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Blog Feature

By: Tamara Sellman, RPSGT, CCSH on August 20th, 2019

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This Week in Sleep Medicine: August 20, 2019

Sleep Technologist Advice

While You Were Sleeping: What Sleep Technologists Need to Know This Week

sleeping wild panzer turtle

Your media watchdog for headlines and trends
relevant to sleep technology and patient education.



How a Drowsy Driving Community Health Initiative Made a Difference
August 15, 2019

From the article: “Faculty affiliated with Stony Brook University’s School of Health Technology and Management (SHTM) with backgrounds in sleep diagnostics, respiratory care, social work, and public health recognized that drowsy driving was particularly problematic in the local area and throughout New York and that public awareness about the danger was limited. To address the issue of drowsy driving, the authors of this article partnered with the New York State Governor’s Traffic Safety Committee (GTSC) to develop an interactive and educational website, stopdrowsydriving.org, and launched a prevention of drowsy driving social media campaign.

Takeaway: Inspired? At the end of the article are myriad other ways to take up this effort in your own communities to expand awareness of drowsy driving.  


Insomnia in elderly patientsvarious ways to manage
August 12, 2019

From the research study: “Effective management of sleep disorders improves the quality of life of patients struggling with this disorder and prevents the occurrence of depression and anxiety, which often coexist with insomnia.

Takeaway: Just because patients are elderly doesn't mean their sleepiness and poor sleep problems are a natural part of aging. In fact, according to this and other research, sleep disorders aren't a natural outcome of aging, but the result of other conditions. Our job in the sleep lab is to help all patients reclaim their daytime energy and nighttime sleep, regardless of age.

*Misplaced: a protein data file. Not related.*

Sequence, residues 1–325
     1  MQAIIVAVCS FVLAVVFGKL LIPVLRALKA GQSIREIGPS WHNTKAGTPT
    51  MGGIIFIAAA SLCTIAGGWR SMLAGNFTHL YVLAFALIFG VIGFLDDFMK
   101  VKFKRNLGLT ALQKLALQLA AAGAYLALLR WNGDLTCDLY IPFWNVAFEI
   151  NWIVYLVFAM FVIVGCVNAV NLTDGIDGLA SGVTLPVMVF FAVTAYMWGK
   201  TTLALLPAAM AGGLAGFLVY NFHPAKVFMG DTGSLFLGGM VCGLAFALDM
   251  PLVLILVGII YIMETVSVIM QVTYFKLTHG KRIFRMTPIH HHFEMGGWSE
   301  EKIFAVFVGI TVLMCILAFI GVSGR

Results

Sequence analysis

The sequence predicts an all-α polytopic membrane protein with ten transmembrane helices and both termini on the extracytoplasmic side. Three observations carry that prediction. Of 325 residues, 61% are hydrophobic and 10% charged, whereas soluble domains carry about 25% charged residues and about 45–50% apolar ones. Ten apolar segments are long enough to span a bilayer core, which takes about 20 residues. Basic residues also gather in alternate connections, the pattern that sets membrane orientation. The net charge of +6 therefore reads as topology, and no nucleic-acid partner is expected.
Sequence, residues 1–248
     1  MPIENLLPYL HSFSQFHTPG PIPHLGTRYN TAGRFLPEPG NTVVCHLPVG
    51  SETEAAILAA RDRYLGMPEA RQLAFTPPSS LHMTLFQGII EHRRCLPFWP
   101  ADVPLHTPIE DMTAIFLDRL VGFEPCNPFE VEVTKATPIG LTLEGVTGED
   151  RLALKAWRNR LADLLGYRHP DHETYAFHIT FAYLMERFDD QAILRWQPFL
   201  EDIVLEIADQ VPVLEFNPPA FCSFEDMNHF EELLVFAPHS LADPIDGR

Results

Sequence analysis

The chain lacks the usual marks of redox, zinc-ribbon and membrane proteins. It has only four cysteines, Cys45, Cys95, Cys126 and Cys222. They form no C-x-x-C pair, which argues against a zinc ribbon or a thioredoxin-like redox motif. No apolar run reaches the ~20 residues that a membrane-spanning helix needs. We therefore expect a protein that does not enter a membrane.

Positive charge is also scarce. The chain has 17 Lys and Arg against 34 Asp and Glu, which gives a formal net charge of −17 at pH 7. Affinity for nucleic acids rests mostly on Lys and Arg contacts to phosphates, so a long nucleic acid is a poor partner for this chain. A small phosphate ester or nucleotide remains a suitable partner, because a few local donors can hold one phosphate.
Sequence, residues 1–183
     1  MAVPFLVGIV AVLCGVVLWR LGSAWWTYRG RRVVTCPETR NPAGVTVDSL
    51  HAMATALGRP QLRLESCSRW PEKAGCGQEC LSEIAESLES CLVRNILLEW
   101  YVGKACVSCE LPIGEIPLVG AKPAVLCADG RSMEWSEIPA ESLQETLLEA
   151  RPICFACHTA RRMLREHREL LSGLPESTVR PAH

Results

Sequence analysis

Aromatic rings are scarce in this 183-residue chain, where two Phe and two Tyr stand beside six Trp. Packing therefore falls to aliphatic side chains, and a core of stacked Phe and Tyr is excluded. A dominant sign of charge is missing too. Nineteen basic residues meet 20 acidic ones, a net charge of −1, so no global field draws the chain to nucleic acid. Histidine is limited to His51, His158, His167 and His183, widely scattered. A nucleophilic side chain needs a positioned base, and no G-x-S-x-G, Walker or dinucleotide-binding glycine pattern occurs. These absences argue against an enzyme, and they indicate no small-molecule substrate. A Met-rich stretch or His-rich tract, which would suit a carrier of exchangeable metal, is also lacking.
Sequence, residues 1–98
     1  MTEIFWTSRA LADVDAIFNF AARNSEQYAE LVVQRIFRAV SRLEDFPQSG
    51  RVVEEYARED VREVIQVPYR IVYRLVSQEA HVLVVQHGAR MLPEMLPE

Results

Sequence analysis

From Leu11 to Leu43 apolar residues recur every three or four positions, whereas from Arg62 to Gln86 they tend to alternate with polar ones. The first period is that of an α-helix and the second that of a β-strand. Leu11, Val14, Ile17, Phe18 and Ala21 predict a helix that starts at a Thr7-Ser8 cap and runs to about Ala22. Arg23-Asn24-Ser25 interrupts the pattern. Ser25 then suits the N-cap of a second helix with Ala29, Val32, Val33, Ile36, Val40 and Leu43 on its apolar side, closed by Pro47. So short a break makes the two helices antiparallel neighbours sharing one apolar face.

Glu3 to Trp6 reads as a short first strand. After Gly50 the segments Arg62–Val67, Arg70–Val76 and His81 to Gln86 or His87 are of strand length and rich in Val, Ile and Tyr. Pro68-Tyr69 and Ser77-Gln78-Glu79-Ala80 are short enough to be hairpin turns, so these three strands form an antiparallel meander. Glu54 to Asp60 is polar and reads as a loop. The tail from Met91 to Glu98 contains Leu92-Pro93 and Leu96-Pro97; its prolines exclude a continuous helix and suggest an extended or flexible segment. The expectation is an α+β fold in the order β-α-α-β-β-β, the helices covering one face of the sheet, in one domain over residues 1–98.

Traumatic childhood experiences and multiple dimensions of poor sleep among adult women
August 12, 2019

From the column: “We used a large cohort of US women, 35–74 years old, enrolled in the Sister Study from 2003 to 2009. Self-reports of specific TCEs occurring before the age of 18 years included sexual, physical, and psychological/emotional trauma; natural disasters; major accidents; and household dysfunction.

Takeaway: Paralleling the July 2019 Journal Club topic, continued research into TCEs (traumatic childhood experiencesalso more commonly referred to as ACEs, or adverse childhood experiences) continues to reveal more links between past trauma and present sleep disorders. This topic isn't going to go away any time soon. 


Evaluation and Management of Obesity Hypoventilation Syndrome. An Official American Thoracic Society Clinical Practice Guideline
August 1, 2019

From the guideline: “The purpose of this guideline is to improve early recognition of obesity hypoventilation syndrome (OHS) and advise clinicians concerning the management of OHS, with the goal of reducing variability in clinical practice. The guideline should empower clinicians to make appropriate clinical decisions about the management of patients with OHS in the context of individual patient values and preferences. For each recommendation, the reader is strongly encouraged to consider both the summary of the evidence reviewed and discussed by the panel as well as the remarks for each specific question, including the values and preferences. Undoubtedly, no guideline can account for all clinical scenarios.